Sports are exciting when athletes are explosive with their speed and agility. These are the moments that make or break competitions, that birth the richness in sports, and that make the audience drop their jaws in awe. These are the moments that makes sports dynamic, creative and intense.
In lacrosse, nothing is more entertaining than seeing a player roll dodge and fire a rocketed shot into the net.
In soccer, nothing is more dynamic than seeing a player sprint all the way down the field and score off of a counterattack.
In basketball, nothing is more dazzling than seeing a player break the ankles of a defender with their rapid change of direction and jukes.
In baseball, nothing is more impressive than seeing a player steal a base at speed, or hustle across home plate to put their team on the board.
This much I know: Athletes must have speed and agility to make these magical moments happen, which more often than not, are moments that are the difference between wins and losses.
Training for these moments takes deliberate, intense practice. Speed and agility drills do not need to be mundane, with athletes simply weaving in and out of cones as a coach blows a whistle.
Although speed and agility drills must be done at pace, there are several ways to set them up so athletes initiate the drill themselves and up the ante on their intensity. After all, when training speed and agility, athletes must train at a higher intensity than the game so they are prepared for the rigorous demands of their respected sport. Moreover, there are drills that reflect the spontaneous and reactive nature of the game, so athletes are prepared for uncertain scenarios.
Here are 5 speed and agility drills that guarantee intensity:
1. Acceleration Pinnie Chase
Set-up: Have the leader about 4-5 feet in front of the chaser. Make sure the pinnie is visible. The leader initiates the drill and runs toward a 30- to 40-yard finish line, and the chaser must snag the pinnie before they get there.
Benefits: The chasing component makes both players put in maximal effort. The distance is good for improving acceleration, as well as speed.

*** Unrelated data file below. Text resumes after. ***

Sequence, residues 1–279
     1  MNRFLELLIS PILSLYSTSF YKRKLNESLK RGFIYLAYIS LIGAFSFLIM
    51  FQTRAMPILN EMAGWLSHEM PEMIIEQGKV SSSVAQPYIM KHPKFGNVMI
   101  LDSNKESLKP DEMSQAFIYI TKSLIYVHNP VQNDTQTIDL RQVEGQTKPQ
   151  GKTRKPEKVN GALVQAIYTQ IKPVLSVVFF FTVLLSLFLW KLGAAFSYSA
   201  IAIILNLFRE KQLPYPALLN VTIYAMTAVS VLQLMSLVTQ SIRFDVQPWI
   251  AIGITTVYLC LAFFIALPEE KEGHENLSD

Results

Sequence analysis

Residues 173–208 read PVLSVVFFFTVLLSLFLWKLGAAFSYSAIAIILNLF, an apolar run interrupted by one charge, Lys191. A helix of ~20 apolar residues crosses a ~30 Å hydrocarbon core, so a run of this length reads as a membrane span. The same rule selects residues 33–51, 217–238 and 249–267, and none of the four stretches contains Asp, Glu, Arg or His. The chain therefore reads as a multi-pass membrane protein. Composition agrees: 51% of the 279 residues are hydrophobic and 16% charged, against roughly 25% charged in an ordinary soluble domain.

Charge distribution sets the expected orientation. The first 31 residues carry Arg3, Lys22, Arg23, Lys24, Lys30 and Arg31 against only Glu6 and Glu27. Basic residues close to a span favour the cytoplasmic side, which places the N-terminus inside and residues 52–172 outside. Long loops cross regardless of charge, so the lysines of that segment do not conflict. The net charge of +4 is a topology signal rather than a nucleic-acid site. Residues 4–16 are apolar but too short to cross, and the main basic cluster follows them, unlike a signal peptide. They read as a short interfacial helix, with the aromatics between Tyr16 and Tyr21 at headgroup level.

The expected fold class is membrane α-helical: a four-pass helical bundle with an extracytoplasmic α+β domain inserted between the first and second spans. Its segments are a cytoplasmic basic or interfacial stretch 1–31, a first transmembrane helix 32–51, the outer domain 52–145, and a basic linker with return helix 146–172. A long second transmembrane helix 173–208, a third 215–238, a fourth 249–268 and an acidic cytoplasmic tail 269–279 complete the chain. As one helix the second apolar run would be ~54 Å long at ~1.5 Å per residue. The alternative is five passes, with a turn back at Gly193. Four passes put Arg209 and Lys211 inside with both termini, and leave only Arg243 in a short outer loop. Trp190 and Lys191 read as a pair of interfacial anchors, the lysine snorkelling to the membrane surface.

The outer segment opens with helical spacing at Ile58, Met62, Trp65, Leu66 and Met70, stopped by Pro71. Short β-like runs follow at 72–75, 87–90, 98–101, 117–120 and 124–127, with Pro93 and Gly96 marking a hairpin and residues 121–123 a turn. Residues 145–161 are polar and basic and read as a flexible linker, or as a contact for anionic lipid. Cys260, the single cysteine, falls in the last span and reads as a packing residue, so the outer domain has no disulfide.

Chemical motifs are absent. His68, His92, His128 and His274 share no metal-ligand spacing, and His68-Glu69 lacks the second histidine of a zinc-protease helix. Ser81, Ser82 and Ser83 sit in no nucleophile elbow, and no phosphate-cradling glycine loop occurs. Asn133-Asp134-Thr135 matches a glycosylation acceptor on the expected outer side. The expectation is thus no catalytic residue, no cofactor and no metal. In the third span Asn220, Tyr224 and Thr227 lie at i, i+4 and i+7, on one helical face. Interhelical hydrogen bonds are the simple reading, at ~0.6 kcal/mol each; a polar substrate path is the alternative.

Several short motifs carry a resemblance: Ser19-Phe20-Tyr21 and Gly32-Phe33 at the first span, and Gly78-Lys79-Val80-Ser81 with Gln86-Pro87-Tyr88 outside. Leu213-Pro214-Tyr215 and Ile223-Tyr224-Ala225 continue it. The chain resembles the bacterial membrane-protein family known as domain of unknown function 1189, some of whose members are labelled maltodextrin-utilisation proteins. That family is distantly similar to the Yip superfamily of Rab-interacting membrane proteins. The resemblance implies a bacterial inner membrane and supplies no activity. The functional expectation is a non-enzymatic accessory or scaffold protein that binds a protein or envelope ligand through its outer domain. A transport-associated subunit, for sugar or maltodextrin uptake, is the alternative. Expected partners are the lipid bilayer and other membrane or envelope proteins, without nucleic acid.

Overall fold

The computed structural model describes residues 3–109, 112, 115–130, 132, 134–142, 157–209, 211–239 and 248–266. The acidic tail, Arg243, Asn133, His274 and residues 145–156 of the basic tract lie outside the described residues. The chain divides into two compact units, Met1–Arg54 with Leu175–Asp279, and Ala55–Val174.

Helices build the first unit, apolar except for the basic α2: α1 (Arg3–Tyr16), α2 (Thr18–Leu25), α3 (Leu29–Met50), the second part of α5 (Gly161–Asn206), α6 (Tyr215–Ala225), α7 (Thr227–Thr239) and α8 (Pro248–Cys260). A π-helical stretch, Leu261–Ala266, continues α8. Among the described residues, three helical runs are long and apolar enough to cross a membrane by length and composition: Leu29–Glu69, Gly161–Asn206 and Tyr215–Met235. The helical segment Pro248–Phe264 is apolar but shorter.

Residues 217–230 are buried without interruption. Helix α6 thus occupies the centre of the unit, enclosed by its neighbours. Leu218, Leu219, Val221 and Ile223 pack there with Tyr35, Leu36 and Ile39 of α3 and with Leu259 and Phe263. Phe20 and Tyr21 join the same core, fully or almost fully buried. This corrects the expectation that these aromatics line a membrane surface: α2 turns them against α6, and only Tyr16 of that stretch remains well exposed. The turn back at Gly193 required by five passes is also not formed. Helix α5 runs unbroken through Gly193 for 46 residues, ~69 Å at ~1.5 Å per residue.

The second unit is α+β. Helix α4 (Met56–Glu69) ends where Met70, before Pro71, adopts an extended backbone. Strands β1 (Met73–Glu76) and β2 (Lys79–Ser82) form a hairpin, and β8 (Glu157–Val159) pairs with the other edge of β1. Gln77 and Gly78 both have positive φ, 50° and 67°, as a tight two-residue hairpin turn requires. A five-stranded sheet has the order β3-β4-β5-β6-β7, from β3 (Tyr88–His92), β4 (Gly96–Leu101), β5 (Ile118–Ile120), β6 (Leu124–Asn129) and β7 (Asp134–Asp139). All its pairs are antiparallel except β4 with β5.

2. Resisted Acceleration Race
Set-up: Players strap into resistance bands, while their partner gives them moderate to high resistance from behind. The players in front race against one another to a 10- to 20-yard finish line.
Benefits: The band allows players to hone in on acceleration, and reinforces knee drive, aggressive arm action, and a long and strong first few steps. The race component makes it competitive to the finish line.
3. Rock, Paper, Scissors Chase
Set-up: Have two players face each other, chest-to-ground. They play a game of rock, paper, scissors, and the winner initiates the drill as the leader, while the other chases. Make the finish line 30-40 yards out.
Benefits: Since players have to decide what hand to throw, as well as react quickly with who wins, there is a lot of spontaneous thinking involved. Again, the chase component always ensures players compete and go hard in the drill.
4. Grid Tag for Time
Set-up: Create a 10×10-yard or 15×15-yard grid, and divide into two teams (can be 2v2, 2v3, 2v4). Designate taggers and non-taggers. The taggers tag the other players as fast as possible, and as soon as they are tagged they step out of the box. Once all players are tagged, the tagger sprints to a 30-yard finish line, and the coach tracks the time it takes to complete all of this.
Benefits: It is competitive, there is reactive agility, as well as a maximal speed sprint at the end. The two teams compete to see who completes this in the least amount of seconds, so the timing component ups the intensity even further.
5. Small-Sided Pinnie Tag
Set-up: Create a small space (5x5yd or 10x10yd) and have a 1v1 battle, where players try to snag each other’s pinnie. Time who gets the fastest time.
Benefits: It is fun, competitive and reactive.
These drills ensure players compete against one another, whether this is for time, as a race, chase game, or for fun. As far as timing these drills, these will be a case-by-case scenario, so challenging players to beat their finish times, as well as others, is a great start.
Speed and agility training must always be competitive and timed, otherwise it is not speed and agility training.
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